Did you know that most springs require plating or finishing for both cosmetic reasons and to prevent rusting? Today, we have endless choices when it comes to spring surface treatment, but only a few of them are common.
On the other hand, most mechanical springs are still manufactured using spring steel due to its low cost. This is the primary reason why you will need some coating/finishing to be applied in the spring to provide some degree or corrosion protection.
Although this may take up the overall cost of the spring, it is much better than working with uncoated spring. Here are some of the common finishing and coating options in mechanical springs.
Organic Zinc Flake Coatings
Zinc flake coatings provide excellent corrosion resistance with zero risks of hydrogen embrittlement. The organic zinc flakes mainly consist of flakes of zinc in a unique suspension of resin that can be applied to the spring by spraying, dipping, or spinning.
Most custom spring manufacturers recommend using this finish where the consequences of spring failure may be severe. However, it is good to note that the cost of organic zinc coatings is a little higher compared to the price of other coating methods.
This is one of the most common types of spring coating used in precision spring design. The two most notable benefits of electroplating are low cost and effectiveness.
During electroplating, a lot of hydrogen is formed, and some of it may get absorbed into the steel surface. The absorbed hydrogen will soon render the steel fragile and subject to failure. To avoid this problem, the spring must be heat immediately after electroplating at approximately 200 degrees for up to eight hours to get rid of as much hydrogen as possible.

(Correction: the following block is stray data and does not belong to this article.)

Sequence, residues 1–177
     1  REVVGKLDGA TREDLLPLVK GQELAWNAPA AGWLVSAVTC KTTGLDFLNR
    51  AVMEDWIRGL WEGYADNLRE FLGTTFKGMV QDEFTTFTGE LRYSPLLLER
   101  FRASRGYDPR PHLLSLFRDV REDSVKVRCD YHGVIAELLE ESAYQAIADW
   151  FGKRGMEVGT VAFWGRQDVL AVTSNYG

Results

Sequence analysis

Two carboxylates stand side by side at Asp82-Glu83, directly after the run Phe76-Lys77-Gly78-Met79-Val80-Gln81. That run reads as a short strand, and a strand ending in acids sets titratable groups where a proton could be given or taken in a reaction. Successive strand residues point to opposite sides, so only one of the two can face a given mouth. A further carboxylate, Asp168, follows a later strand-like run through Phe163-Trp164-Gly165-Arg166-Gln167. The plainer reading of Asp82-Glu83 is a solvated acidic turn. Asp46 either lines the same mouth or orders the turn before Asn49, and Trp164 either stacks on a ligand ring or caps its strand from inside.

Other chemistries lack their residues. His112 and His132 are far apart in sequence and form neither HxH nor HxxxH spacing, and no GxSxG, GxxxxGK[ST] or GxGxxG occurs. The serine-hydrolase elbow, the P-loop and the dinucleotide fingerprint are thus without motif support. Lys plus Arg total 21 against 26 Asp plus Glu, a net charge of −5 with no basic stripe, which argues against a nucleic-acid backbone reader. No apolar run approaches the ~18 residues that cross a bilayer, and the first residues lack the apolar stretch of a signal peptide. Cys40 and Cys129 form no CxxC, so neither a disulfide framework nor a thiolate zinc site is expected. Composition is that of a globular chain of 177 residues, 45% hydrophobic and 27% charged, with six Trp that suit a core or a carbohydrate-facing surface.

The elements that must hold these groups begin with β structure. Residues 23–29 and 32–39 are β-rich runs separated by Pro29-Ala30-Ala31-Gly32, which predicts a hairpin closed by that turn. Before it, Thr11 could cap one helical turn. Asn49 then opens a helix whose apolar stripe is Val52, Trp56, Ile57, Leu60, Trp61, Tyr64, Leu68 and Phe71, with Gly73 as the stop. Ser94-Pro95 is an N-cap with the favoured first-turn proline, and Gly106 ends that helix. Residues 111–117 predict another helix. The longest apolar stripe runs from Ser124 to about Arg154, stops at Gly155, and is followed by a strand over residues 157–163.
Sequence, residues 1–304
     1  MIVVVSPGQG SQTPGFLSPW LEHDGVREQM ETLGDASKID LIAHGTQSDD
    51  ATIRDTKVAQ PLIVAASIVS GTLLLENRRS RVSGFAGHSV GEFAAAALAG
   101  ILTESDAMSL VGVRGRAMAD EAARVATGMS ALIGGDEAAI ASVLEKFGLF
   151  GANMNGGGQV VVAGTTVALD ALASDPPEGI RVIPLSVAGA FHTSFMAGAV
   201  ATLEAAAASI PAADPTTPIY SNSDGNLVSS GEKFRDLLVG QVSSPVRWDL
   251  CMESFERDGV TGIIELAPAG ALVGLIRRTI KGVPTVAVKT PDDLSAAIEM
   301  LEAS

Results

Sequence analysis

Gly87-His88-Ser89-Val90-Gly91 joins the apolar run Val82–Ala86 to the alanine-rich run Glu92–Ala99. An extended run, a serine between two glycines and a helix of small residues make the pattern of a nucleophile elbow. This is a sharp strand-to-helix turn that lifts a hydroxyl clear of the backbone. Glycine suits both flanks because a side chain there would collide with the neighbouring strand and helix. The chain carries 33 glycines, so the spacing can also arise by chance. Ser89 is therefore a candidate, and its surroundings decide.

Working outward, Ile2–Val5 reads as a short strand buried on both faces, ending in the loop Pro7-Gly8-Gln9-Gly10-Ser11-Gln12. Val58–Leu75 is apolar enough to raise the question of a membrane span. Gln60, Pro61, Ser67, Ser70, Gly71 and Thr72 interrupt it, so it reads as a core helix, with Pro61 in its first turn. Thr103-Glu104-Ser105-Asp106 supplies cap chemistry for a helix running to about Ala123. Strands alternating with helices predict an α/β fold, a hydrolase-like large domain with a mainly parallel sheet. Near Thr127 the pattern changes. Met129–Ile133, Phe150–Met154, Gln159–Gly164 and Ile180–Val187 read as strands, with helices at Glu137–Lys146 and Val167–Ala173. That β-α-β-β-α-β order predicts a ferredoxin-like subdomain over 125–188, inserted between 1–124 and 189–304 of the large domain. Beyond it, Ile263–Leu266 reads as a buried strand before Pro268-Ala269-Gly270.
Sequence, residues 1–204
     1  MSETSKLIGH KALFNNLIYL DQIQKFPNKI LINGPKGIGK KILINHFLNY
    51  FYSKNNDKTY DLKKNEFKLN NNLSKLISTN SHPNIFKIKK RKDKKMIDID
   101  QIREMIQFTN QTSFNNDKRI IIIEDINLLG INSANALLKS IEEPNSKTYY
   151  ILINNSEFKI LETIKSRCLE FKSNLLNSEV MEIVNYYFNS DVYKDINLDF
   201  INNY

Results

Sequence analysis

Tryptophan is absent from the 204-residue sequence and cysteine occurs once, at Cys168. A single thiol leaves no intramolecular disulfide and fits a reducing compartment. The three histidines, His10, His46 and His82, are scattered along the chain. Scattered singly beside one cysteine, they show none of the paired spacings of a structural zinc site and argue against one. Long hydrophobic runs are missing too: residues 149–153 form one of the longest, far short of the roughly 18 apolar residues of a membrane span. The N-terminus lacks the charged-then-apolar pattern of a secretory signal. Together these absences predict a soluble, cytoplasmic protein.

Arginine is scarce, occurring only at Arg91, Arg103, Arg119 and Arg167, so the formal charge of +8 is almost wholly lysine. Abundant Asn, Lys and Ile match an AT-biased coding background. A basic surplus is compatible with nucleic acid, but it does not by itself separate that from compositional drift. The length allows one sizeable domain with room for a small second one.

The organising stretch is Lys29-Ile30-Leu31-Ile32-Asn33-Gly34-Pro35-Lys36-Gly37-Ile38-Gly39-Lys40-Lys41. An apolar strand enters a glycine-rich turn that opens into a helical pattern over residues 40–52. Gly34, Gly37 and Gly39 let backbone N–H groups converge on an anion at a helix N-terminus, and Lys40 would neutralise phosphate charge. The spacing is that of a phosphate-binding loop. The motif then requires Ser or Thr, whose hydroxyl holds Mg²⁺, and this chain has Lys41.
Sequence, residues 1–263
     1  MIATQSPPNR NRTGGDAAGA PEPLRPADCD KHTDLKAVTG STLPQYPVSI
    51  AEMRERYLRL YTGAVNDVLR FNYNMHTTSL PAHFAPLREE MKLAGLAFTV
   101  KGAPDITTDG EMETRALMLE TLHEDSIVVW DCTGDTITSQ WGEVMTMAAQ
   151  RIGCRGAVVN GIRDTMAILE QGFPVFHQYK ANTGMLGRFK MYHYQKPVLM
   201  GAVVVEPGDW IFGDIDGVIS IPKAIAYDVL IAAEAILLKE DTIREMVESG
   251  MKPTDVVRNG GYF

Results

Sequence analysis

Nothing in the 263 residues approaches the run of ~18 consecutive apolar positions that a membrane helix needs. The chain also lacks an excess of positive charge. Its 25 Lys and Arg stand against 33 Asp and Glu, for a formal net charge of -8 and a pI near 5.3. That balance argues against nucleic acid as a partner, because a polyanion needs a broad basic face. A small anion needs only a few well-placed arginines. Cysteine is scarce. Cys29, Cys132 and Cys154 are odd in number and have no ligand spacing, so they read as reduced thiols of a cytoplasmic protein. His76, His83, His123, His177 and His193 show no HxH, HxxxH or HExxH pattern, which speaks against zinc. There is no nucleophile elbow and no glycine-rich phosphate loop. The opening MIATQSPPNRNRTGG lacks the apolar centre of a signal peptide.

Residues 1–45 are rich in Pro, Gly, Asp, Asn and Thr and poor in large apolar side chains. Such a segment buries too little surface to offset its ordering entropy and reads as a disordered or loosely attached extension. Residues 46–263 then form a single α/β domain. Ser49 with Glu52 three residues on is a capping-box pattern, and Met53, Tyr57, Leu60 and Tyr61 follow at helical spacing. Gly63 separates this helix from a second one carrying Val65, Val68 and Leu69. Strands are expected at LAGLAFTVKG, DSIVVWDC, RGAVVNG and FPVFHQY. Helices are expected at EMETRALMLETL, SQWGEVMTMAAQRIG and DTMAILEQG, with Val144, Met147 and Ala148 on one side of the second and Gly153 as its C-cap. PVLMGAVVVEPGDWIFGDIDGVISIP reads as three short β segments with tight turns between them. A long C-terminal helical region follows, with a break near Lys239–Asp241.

Other elements that can be applied to steel springs by electroplating include gold, silver, tin, and nickel. Tin and nickel are mostly used in situations where good electrical conductivity is necessary.
If you are looking for good finishes for larger springs, invest in powder coating. You can achieve a wide range of colors for decorative purposes, corrosion resistance, or for unique identification. The paint adheres quite lightly to the spring.
However, powder coating isn’t always ideal for smaller springs since the thickness can be substantial. The cost of powder coating can also be a significant disadvantage since the price of a powder coated spring is much higher than that of an uncoated spring.
Mechanical springs can also be coated using a pre-plated wire. This can be achieved by drawing the spring wire through molten metal which also lowers the risk of hydrogen gas embrittlement. Zinc is used as the primary coating material and wires treated in this manner are usually referred to as “galvanized” wires.
The primary advantage of using a pre-plated wire is that it is a low-cost method of coating springs and ensures full coverage of the wire surface. Even the closed ends of the spring are treated. However, you need to keep in mind that the cut ends of the sire aren’t coated, but it isn’t a big issue. The less common coatings include manganese phosphate, colored dye, black oxide, and many others. Make sure that you consult with experts at The Yost Superior Co. to determine the right coating for your springs.